I told him that perhaps Balance Point could use his pictures to create a multi media program for graduates. He agreed to cooperate though he had almost no understanding of what I was actually talking about. Near the end of our visit, I asked him how I could support his work. I know from my life experience that unless you find something to do together, friendships tend to fade. He answered that his dream was to have a book published featuring his pictures of people. He fished into his bag and took out a notebook. In the notebook were records of his approaches to over 20 Japanese publishers. Repeated visits, repeated delays and "we'll consider it" ... the Japanese ways of saying 'no' ever-so-politely. Yet Nagashima-san went back to them again and again. I was so inspired by his commitment. Again, I saw myself in this pattern: repeated rejection yet a willingness to do whatever was necessary to accomplish a vision.
I told him I would publish his book. I knew nothing about publishing and had no idea of the challenges ahead. I just knew this happening in my life was no accident and I needed to follow the inspiration wherever it led me. This opportunity to clarify my vision for EP's work resulted in the added benefits of creating the One World, One People and One World, One Child photographic essay books.
The title and the 'vision name' was dreamed. I had been writing the essays for the book and thinking about what is was about these pictures that captured my deepest thoughts and feelings. I went to bed one night wondering about this and woke up with the words one world, one people burning in my consciousness. I scrambled to the bedside and wrote them down quickly fearing that I'd forget them and that it would be a great loss. The excitement with which the book's designers greeted my suggestion for a book name confirmed my own conclusion: this was a compelling vision statement that other people would be drawn to.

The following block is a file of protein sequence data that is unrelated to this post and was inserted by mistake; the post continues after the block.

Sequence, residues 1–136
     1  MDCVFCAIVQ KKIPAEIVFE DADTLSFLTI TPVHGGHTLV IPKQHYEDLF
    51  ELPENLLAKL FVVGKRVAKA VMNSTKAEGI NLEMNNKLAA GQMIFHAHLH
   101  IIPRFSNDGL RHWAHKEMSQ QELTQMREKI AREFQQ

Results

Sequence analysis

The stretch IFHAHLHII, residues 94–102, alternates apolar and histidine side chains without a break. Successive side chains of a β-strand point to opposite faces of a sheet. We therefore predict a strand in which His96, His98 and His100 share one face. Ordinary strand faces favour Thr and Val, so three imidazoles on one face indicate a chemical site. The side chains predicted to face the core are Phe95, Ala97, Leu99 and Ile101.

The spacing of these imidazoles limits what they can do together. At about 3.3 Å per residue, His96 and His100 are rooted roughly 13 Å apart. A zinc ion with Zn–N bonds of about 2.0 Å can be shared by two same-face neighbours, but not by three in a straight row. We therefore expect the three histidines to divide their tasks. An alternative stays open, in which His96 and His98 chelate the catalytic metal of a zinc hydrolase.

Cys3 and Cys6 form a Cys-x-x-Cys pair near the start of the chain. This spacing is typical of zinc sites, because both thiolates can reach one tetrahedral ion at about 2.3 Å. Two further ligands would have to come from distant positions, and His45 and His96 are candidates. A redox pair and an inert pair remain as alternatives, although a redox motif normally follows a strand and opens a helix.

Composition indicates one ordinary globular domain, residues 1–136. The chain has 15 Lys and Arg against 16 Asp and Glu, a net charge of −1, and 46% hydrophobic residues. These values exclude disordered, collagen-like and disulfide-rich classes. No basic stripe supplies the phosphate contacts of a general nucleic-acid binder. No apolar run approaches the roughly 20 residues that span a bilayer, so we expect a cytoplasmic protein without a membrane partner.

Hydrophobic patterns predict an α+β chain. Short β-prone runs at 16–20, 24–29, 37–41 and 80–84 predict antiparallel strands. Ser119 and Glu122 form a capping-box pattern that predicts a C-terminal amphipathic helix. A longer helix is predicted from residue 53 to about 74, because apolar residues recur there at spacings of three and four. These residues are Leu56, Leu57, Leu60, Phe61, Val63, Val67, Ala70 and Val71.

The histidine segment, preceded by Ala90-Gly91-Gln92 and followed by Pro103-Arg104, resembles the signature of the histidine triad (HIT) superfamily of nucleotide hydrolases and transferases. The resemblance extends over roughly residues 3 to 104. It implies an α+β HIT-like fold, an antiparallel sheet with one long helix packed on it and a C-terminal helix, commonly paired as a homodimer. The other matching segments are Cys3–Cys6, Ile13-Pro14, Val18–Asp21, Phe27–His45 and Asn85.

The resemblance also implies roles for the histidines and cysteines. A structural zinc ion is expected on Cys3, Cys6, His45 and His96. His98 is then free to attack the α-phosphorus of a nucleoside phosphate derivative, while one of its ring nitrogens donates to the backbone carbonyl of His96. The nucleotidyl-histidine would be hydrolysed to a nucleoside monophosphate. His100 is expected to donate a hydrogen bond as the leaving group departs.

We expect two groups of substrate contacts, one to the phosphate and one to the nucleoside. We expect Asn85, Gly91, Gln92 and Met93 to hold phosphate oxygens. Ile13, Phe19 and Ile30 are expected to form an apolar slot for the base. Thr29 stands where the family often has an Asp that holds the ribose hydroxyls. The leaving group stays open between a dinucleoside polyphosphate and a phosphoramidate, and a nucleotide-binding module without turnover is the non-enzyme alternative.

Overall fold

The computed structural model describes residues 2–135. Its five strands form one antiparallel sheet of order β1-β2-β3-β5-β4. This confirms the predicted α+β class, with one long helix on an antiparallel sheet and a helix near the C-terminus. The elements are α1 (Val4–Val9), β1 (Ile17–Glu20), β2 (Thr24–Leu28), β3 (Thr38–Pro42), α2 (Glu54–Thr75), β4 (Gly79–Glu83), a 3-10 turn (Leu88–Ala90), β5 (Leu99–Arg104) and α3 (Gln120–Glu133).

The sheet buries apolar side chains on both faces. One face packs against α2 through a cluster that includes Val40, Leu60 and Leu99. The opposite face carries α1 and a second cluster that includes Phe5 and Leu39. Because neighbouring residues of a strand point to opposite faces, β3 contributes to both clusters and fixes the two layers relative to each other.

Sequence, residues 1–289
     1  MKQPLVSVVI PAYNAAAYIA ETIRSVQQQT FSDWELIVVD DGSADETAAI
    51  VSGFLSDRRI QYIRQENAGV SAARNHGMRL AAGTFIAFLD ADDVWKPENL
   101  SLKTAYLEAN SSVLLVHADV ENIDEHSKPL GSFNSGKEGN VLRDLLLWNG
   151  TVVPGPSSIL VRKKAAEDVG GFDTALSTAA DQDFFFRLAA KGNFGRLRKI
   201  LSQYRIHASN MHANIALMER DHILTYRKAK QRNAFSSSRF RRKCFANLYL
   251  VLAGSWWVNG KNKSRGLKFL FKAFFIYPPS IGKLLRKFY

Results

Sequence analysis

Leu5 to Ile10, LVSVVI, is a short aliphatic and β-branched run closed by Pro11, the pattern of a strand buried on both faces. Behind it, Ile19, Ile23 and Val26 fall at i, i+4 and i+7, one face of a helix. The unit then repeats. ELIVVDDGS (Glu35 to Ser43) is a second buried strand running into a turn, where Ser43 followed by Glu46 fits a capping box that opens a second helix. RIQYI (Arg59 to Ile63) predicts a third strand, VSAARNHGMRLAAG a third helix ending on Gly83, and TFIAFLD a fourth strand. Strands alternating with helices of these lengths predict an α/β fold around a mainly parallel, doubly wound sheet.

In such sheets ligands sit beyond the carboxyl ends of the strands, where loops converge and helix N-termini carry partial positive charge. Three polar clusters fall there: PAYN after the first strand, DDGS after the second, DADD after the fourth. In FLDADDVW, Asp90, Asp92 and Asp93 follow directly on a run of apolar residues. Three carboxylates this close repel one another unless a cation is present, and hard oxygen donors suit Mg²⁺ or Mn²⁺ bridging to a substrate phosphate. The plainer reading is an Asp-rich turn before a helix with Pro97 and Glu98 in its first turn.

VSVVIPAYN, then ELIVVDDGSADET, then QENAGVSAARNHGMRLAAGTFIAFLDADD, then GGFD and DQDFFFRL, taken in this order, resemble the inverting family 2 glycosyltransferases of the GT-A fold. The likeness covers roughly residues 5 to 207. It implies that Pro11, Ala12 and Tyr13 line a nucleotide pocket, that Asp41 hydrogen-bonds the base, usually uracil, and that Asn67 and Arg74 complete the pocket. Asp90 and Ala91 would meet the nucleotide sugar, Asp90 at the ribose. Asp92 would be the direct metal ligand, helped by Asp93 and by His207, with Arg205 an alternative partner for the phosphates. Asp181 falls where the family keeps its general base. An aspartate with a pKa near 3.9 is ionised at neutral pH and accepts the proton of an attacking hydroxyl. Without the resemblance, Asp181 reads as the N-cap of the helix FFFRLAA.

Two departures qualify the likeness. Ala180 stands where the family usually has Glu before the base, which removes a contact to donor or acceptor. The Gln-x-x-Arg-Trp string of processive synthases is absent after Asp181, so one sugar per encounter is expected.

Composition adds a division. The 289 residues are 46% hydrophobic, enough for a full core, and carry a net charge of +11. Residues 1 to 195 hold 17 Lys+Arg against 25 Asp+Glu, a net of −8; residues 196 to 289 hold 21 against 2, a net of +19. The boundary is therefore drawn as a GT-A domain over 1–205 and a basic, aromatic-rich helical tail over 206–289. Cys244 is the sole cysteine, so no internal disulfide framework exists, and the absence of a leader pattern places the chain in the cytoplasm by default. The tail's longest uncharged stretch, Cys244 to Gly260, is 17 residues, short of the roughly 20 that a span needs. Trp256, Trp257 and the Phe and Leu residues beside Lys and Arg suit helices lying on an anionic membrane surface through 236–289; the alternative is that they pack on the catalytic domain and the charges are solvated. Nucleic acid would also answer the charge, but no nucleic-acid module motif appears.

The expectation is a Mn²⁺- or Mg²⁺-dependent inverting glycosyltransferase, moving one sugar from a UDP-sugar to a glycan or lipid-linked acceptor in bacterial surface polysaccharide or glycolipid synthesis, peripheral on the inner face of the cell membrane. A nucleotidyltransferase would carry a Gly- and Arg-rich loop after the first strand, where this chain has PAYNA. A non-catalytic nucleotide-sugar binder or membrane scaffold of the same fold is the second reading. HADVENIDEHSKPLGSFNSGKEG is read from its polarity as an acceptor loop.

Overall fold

These books, in addition to winning many awards and bringing recognition to Balance Point, have raised a large amount of money for children's charities. With Nagashima-san's cooperation, we've also created a set of greeting cards and, for several years, an annual Balance Point desk calendar, featuring his pictures. Nagashima-san has always donated his work to benefit the charities and it has been a wonderful partnership.
He also accompanied me when I visited the Sarvodaya community development organization in Sri Lanka and I actually got to see him work with and photograph people. What a thrill and a great learning experience. Nagashima-san attended the seminars and has become a regular participant in our graduations and our One World, One People Events. When I attended the graduation of our seminar for Kobe Earthquake survivors in 1995, I was delighted with his presence and to learn that he had again donated his work to an exhibition that would benefit the survivors. We've also hosted that exhibition in our Tokyo Center. Our family also had the privilege of hosting his daughter, Sayaka, for a home stay in Aspen, Colorado.
My friend and former President of Balance Point USA is Robert Gass. Robert taught me the term "vision buddy" to describe someone to whom you are connected at the level of a commitment to a vision. I'm so happy to have created this friendship with my "vision buddy", Yoshiaki Nagashima.
Read More about One World-One People: